Relying purely on freelancing to earn your bread can be somewhat risky and daunting. Say I want to do freelancing while also being employed (full or part time). What are the specific issues I need to keep in mind when doing this? What are the legal, time management, financial, etc ramifications?

  • If you're asking a legal question, it matters where you do business, since laws vary by jurisdiction. The financial aspect will also vary based on tax laws. Jun 3 '13 at 13:35

Time management is an issue and you have to figure out how to meet with customers if working a standard schedule full time. The larger issues are legal. You want to read over your employment contract a few times looking at the specifics of:

  1. Moonlighting clauses. When I worked at Microsoft, the contract said I had to have their permission to do any work outside Microsoft and that this permission needed to be renewed annually.

  2. Non-disclosure agreements. Make absolutely sure that the domain you are freelancing is sufficiently removed from your formal employment that this is not an issue.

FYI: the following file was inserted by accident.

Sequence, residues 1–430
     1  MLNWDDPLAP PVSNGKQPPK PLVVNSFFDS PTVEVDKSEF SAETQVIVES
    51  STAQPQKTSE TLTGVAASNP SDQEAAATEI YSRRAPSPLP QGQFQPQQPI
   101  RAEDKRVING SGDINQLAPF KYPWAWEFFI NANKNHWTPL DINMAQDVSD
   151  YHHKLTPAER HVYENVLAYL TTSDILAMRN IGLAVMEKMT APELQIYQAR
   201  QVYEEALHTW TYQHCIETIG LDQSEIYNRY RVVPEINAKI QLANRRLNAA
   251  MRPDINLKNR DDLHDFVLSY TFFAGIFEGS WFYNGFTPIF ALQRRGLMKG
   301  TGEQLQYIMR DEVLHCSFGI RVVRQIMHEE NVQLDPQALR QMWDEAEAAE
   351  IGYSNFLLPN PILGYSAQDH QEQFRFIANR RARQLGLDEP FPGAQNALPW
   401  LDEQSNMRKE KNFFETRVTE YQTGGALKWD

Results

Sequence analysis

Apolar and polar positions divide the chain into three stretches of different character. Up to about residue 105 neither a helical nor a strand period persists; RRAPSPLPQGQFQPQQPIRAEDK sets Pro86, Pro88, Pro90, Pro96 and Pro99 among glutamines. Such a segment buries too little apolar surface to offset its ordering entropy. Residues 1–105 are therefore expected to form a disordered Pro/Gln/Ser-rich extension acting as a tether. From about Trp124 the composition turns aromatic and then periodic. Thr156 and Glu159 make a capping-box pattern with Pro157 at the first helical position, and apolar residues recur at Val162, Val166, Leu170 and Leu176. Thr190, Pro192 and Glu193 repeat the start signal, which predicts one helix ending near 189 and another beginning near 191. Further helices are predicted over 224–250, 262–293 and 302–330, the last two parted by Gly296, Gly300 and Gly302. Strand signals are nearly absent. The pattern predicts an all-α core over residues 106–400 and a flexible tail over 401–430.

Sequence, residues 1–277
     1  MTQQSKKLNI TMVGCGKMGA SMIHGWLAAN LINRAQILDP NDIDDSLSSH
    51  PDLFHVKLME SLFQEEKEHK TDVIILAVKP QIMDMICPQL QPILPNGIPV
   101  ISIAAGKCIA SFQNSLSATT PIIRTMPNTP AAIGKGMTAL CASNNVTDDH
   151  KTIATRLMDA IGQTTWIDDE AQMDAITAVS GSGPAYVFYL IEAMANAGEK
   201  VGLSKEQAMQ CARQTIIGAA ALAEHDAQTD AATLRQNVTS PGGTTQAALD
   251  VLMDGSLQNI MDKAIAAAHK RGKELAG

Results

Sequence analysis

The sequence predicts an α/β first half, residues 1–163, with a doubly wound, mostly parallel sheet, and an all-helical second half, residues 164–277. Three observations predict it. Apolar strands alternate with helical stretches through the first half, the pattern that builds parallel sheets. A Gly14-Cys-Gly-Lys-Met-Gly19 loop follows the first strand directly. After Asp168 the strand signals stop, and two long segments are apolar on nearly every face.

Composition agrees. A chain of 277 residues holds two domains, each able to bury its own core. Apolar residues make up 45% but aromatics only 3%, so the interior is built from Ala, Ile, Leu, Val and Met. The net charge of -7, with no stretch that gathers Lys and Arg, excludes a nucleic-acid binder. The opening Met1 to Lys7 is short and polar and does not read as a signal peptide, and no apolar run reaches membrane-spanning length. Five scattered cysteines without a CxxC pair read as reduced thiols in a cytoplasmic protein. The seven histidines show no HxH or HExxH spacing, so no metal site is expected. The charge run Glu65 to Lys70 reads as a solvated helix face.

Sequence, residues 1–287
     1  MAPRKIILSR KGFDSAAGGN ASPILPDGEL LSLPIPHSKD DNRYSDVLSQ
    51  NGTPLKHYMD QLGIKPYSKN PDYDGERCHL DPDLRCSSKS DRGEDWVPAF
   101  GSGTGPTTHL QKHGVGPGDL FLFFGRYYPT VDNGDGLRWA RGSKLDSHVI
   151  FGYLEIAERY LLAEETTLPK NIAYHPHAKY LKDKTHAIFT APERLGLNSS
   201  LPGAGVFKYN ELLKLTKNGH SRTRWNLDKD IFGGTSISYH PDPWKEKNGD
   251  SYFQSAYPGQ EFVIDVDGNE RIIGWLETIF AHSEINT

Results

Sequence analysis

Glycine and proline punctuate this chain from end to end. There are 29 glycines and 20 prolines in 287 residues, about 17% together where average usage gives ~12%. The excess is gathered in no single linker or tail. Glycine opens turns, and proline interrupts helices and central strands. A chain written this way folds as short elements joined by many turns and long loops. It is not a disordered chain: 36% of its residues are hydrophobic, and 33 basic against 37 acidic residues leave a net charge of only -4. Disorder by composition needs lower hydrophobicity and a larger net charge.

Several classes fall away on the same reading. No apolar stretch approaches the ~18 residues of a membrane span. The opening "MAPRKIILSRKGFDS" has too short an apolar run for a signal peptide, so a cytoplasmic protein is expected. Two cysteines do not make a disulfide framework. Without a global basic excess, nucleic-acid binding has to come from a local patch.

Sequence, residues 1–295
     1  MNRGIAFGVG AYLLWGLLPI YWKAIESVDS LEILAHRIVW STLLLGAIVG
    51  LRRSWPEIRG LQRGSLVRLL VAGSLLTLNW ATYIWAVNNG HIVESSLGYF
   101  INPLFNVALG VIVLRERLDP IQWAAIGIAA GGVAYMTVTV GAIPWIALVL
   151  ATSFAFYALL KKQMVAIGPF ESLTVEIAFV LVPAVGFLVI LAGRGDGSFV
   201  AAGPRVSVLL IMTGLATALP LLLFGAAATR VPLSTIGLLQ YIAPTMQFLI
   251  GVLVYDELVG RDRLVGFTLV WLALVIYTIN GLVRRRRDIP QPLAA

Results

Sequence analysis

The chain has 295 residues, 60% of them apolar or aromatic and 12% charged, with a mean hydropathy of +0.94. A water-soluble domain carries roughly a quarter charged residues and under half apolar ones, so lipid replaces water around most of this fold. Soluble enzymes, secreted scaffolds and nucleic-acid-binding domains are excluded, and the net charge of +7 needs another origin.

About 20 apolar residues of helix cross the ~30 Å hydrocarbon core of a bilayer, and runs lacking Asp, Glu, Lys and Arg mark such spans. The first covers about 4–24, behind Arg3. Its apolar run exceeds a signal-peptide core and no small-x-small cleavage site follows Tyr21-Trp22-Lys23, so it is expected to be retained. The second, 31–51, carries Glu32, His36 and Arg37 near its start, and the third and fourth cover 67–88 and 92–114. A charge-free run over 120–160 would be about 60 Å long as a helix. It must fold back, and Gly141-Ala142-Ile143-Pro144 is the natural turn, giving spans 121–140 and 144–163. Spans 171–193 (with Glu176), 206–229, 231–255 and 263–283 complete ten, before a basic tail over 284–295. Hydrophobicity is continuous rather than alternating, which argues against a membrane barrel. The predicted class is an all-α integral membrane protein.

3. Non-compete agreements. Again, if you are freelancing in a different domain and not competing with your employer you are much safer than if you are working for your competition.

Depending on the specifics of your employment contract there may be other issues as well but these are the most common and serious.


I currently do exactly this, and while very dependant on your location, taxes can be a pain. I would recommend at least discussing things with an accountant

In the UK there have been alsorts of little bits and pieces I've needed help with as my permanent job's salary needs to be accounted for in my freelancing tax return as well as the tax I've already paid via the PAYE system.

Obviously these complications may be lesser (or worse) depending on where you are.

Other than than I really echo Chris' answer which you've accepted. Make sure your permanent contract doesn't hold any clauses that can catch you out.

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